Try, Fail, Sulk, and Move On – Jericho Writers
Jericho Writers
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Try, Fail, Sulk, and Move On

Try, Fail, Sulk, and Move On

Hi, Jericho Writers here! This takeover originally featured in one of our email newsletters in 2022. Since then, Marve’s career has sky-rocketed. After making the Friday Night Live final at our Festival of Writing, Marve went on to secure a three-book deal with Penguin. Take a walk down memory lane with us and enjoy Marve’s advice on how to persevere as a writer…

Hi! I’m Marve, a writer and a recovering sore-loser. I wrote my first poem at eleven. It was NOT the best-written piece of work, but it helped me articulate the feelings I previously didn’t think had words. A couple of years later, I started writing a novel. I’m proud to say I wrote up to 10,000 words before losing my handwritten manuscript– four times! Why? Because I was so excited for anyone to read my work that I literally gifted it to them. It took me a decade to finish that book, but one thing remained the same – I still can’t wait for the world to read my work.  

I pour my heart into every draft, so when my work isn’t the best thing my reader has ever read, the crash hits hard and burns fast! It’s an unrealistic want– somehow, it still hurts.  

In 2017, I took a loan from my dad to publish my first novel and did all the marketing myself. I sold over 400 copies in the launch weekend and sold enough that month to pay back the loan (my dad is a banker, so he’s very by the books). In hindsight, that was pretty impressive for a 22-year-old – but a couple of years later, sales slowed to a near halt. Something wasn’t working and this sent me right into a writing slump for another couple of years.  

It felt like an uphill battle with the saboteur in my head, and while I was terrified, I wasn’t ready to give up yet. So, earlier this year, I dared to write again, and later got a manuscript assessment report. The feedback was– amazing and unique story, but this draft needs a lot more work. Oh! The pain! This feedback hit harder because it was my first try after my writing slump, so in my head, I’m thinking – time to quit.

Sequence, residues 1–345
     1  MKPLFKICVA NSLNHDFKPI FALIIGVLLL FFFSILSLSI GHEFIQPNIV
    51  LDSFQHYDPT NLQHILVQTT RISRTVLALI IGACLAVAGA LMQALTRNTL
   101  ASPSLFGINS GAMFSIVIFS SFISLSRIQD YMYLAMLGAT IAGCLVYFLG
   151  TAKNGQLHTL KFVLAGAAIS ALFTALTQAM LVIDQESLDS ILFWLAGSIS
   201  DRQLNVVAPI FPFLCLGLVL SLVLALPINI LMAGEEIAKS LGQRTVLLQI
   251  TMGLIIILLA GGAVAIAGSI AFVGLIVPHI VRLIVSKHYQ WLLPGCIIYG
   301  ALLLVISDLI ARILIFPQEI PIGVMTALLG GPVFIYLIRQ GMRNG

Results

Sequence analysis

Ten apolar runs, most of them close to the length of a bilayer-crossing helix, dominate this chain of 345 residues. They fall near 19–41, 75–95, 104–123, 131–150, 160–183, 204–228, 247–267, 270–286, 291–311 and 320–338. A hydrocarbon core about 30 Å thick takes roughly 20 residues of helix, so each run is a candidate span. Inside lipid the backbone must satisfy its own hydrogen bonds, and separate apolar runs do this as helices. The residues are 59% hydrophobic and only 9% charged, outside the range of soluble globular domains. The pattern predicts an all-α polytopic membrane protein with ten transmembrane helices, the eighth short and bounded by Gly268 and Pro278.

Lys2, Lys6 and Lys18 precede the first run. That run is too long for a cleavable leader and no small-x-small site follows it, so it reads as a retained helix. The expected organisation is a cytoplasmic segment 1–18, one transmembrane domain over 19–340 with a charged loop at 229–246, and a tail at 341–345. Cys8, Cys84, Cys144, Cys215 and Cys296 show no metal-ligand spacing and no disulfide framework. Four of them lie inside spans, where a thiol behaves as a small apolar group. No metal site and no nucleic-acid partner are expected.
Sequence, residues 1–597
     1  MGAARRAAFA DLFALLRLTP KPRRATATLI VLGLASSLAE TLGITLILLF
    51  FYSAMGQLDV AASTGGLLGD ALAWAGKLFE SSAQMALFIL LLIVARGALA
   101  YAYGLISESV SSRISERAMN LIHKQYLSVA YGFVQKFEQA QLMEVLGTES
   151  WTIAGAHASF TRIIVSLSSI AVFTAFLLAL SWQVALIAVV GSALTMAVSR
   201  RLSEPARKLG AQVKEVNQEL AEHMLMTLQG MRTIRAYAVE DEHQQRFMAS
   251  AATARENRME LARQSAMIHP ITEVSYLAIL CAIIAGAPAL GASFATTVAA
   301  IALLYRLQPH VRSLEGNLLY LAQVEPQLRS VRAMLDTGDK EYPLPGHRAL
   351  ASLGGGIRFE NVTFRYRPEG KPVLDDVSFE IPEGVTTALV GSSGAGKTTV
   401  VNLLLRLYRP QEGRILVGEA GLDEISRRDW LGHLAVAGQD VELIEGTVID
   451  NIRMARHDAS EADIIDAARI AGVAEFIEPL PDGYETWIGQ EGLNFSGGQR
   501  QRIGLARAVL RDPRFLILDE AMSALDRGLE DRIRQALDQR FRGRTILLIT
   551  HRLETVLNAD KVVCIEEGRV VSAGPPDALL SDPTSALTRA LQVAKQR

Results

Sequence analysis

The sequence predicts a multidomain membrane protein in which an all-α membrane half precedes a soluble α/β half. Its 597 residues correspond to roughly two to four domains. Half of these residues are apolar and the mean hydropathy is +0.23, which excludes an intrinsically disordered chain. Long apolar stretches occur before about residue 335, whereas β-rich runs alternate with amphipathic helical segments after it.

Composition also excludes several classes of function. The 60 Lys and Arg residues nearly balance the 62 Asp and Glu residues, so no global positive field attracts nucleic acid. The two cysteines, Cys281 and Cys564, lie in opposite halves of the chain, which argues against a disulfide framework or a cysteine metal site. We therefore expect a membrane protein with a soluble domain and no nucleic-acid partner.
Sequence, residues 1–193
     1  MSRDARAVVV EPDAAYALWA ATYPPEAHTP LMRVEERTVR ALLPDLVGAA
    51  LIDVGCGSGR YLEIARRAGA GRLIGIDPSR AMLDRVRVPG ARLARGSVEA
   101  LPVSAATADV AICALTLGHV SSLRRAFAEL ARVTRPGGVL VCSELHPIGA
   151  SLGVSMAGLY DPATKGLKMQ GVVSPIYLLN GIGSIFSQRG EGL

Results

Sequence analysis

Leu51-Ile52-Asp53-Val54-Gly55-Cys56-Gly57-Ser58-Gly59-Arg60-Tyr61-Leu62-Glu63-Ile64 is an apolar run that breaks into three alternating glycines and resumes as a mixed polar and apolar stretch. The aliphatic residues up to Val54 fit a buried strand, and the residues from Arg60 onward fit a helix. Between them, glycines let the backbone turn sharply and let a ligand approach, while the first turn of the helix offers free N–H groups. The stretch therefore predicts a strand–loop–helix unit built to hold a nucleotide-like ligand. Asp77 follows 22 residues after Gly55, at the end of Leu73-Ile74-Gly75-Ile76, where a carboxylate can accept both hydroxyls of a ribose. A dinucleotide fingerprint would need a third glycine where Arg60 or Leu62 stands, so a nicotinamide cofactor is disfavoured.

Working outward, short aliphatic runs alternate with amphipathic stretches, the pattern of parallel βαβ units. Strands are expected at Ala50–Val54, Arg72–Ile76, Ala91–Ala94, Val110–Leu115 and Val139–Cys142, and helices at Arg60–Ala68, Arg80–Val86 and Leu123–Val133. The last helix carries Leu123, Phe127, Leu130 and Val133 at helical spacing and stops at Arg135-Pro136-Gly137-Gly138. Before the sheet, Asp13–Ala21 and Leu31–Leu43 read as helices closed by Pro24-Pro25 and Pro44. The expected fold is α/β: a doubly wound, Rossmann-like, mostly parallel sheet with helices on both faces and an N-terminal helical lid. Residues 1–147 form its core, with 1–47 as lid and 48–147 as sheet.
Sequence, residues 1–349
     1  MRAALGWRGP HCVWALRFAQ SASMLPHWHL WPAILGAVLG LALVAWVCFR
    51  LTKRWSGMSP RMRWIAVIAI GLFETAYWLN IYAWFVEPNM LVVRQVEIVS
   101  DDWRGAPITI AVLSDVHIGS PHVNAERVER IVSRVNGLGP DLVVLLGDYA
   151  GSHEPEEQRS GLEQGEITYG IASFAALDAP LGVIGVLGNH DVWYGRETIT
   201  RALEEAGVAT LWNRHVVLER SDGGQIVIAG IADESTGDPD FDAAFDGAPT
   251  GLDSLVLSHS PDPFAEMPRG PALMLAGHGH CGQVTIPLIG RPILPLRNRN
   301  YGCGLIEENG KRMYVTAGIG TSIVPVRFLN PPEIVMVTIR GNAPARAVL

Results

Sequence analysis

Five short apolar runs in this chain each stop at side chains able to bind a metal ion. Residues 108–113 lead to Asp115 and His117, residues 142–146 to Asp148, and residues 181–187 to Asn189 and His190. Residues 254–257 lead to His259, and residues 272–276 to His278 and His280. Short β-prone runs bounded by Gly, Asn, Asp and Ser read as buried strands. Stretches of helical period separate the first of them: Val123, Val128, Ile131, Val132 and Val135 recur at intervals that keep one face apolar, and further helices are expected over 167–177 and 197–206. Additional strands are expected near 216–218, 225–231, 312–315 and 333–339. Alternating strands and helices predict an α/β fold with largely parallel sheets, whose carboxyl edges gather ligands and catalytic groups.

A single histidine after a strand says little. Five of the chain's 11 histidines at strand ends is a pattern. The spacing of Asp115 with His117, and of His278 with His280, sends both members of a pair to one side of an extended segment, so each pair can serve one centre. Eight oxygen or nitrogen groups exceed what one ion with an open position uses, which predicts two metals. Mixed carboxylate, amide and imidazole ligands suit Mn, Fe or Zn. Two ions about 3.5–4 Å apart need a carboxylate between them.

But now, I’m back, and that’s because I learned something that’s changed my mindset. I learned to embrace the ‘sulk’. I’ve come to understand that it’s okay to be disappointed, to take as much ice cream as I need, and mindlessly rewatch Friends for the 200th time when things don’t go according to plan. This has been a real breakthrough for me because I’ve allowed myself the time to first, reflect and then do what was most important- move on. Moving on is much easier when you’ve grieved whatever disappointment or letdown you’re dealing with. Whether it’s the 10th or 200th agent rejection, two years stuck on submissions, not getting that award you really wanted, or maybe it’s the sour words of a beta reader. Nothing is too big or small to feel bad about, but you must remember that the goal is to get moving. Allow yourself to feel the feelings. Take however long you need, then come back to the mission, ready to take on the world. At least, that’s what’s worked for me. 

This year, I’ve had to be a lot braver. I applied to five competitions in one day, and got shortlisted for two, including Friday Night Live! Who’d have thought? Did I cry when I missed out on winning? Yes! Did I apply for more? Yes!  

Now, my final draft is nearly clean enough for submission, and with five full manuscript requests, two partials and two editor requests, I feel like I’m much closer to getting an agent. 

I’m also self-publishing again, and while I hope for a greater launch than the first one, nearly six years later, these old bones creak, and I wonder if I have the guts of a hopeful 22-year-old girl. We’ll see. 

The mission is to do it afraid. So, to you, I say, TRY, FAIL, SULK, MOVE ON!